By Eric M. Weiss
Washington Post Staff Writer
Friday, March 21, 2008
The Virginia Department of Transportation's response to an ice storm Feb. 12 that crippled the region was so mismanaged that anti-icing equipment sat unused, electronic warning signs remained dark and a motorist alert system was not updated for hours, according to a VDOT report released yesterday.
Because of the poor response, thousands of motorists drove toward the Springfield interchange as it rapidly iced over. Some were stranded for hours. Road conditions elsewhere in the region caused many people to miss making it to the polls to vote in the presidential primary. And state police had problems communicating with VDOT staff for help because of compatibility problems with equipment.
"We got overwhelmed," VDOT Commissioner David S. Ekern said yesterday in a telephone news conference. "We weren't prepared for the size and magnitude."
Ekern released a frank review of the agency's response to the storm, identifying errors, misjudgments and communication gaffes by VDOT workers.
"The events of February 12 were clearly unacceptable in terms of our performance," Ekern said at the news conference. "We'll learn from this, and we'll move forward."
The ice storm, which occurred at the beginning of the rush hour, closed one of the East Coast's largest highway interchanges, which was completed last year at a cost of $676 million. There were 331 traffic incidents, including 108 at the Springfield interchange between 3 p.m. and midnight, when the last ramp was reopened. About 50 injuries were reported in the region from accidents caused by the quarter-inch-thick coating of ice.
Ekern outlined a series of agency reforms and procedural changes, including developing a formal action plan for an ice storm -- VDOT does not have one -- and clarifying the chain of command. Of the more than 1,300 pieces of equipment available to the Northern Virginia VDOT district, only five are capable of anti-icing, and they are owned by contractors.
Ekern issued an apology the day after the storm, and he has scheduled a public meeting April 22 in Springfield to answer questions about the storm and the department's follow-up. He said the department will come up with an emergency response plan by April 15.
During and after the storm, VDOT officials said they were caught off-guard by weather reports that put the storm to the north and east of the Washington area. But the agency's review found that the National Weather Service had begun forecasting the possibility of freezing rain at 3 p.m. the day before.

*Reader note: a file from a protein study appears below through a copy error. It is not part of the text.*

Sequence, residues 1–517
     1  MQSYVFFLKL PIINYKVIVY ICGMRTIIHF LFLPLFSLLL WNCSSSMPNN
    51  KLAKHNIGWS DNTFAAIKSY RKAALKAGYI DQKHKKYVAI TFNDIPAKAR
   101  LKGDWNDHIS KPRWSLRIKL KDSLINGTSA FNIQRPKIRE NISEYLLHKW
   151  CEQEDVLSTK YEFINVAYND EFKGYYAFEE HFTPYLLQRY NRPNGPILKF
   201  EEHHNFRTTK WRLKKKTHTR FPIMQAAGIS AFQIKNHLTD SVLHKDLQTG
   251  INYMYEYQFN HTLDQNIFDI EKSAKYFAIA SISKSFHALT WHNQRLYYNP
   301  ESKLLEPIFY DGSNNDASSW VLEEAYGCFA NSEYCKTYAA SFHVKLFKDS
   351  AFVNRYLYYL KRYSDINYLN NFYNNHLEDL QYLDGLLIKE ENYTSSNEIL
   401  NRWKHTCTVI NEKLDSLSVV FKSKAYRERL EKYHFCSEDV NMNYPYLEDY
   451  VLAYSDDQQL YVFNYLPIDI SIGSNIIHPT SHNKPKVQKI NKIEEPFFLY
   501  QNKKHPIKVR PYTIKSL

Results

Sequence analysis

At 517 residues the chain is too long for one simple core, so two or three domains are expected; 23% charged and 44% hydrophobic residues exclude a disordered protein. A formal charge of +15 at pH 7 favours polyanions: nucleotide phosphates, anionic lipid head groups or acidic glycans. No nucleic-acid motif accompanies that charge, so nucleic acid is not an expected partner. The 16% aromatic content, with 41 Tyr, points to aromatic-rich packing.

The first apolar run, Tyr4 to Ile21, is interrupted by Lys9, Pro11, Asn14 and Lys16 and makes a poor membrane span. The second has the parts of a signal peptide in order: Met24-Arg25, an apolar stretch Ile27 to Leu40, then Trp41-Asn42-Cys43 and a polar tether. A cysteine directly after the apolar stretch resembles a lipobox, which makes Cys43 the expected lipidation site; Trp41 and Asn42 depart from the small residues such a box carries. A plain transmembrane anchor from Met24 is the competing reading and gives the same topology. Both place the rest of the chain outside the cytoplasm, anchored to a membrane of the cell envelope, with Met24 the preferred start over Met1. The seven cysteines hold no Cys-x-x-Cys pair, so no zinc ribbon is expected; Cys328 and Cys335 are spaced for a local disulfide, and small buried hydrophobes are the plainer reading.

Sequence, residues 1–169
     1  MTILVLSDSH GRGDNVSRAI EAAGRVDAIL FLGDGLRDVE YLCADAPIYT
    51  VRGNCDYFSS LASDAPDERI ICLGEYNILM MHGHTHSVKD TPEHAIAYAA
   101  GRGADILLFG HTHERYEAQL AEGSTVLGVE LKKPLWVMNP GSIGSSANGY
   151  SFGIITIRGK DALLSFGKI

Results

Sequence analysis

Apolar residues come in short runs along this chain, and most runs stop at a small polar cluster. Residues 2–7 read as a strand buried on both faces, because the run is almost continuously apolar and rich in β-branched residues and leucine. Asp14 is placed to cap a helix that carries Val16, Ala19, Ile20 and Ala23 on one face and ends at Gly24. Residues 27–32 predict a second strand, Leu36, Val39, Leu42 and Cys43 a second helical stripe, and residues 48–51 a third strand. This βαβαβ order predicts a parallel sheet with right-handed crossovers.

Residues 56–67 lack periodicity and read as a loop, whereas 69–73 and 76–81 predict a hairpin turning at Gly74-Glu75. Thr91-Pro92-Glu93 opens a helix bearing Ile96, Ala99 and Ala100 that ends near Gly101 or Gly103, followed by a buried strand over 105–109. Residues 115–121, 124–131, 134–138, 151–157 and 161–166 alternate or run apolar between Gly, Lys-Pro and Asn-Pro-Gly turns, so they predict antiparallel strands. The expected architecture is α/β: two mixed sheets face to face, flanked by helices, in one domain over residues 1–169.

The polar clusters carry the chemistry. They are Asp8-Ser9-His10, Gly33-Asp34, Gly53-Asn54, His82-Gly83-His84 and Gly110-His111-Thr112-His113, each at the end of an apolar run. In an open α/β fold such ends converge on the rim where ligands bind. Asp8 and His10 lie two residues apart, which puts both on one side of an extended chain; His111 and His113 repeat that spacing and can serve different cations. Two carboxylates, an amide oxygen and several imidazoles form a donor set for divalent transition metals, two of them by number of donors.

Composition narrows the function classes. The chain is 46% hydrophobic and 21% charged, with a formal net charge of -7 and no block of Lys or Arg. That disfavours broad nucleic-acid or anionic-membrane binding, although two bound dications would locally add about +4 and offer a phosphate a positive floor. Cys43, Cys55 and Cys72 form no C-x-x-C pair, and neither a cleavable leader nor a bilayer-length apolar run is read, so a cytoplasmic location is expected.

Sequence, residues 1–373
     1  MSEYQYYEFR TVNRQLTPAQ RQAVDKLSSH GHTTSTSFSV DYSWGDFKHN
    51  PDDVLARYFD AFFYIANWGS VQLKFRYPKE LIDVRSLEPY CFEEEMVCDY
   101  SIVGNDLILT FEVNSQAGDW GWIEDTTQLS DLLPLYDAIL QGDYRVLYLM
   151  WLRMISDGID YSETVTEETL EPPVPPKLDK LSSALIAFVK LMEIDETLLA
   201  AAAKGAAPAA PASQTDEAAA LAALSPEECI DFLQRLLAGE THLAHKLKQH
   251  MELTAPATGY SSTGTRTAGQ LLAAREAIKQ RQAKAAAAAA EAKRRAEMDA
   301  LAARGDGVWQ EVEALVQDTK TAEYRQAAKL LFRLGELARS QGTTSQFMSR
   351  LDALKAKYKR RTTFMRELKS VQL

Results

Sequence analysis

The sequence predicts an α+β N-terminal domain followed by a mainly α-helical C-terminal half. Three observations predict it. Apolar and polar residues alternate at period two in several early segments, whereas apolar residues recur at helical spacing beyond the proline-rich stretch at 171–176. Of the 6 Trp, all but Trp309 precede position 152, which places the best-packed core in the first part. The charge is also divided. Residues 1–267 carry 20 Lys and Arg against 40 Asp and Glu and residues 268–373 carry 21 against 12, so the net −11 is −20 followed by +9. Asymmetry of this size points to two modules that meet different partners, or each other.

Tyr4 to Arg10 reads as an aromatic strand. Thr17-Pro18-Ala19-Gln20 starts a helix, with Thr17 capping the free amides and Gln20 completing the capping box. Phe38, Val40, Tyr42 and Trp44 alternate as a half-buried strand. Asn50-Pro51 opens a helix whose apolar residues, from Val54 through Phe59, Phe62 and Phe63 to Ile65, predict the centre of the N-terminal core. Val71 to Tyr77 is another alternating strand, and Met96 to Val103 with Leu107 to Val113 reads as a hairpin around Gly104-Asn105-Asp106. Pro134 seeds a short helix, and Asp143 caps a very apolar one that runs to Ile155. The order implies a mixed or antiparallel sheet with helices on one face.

Interstate 95 was mobilized at Level I, VDOT's lowest reaction posture. Four trucks loaded with a chemical mixture designed to prevent ice buildup were staged a quarter-mile from the Springfield interchange but were not deployed in time and ended up stuck in traffic.
Ekern said that the agency had mobilized 278 trucks near Loudoun County but that the storm changed direction about noon and headed toward Springfield.
The agency was also hampered by the lack of pavement-temperature sensors at the interchange. The closest sensor was in Rosslyn, nine miles away. VDOT will issue infrared thermometers to workers until sensors can be installed at the interchange.
By 3 p.m. that Tuesday, ice had started to accumulate on the interchange's 50 ramps and overpasses, and accidents began happening. According to the report, VDOT workers were soon overwhelmed.
Ekern said workers failed to turn on the dozens of electronic message signs that could have warned motorists to stay away from the interchange. Also, the 511 Virginia phone system and Web site, which are supposed to provide road conditions, were not updated until nearly two hours after the accidents started. More than 2,000 motorists called 511 between 4 p.m. and midnight.
The report says that once the accidents began, the roads and ramps at the interchange were closed to VDOT trucks and crews, slowing reaction times. Radio compatibility issues between VDOT and the Virginia State Police also hampered responses. One frustrated trooper drove to a VDOT facility to transmit his request for assistance.
"By the time the crashes started and the roadways jammed, we couldn't get on the same roads," Ekern said.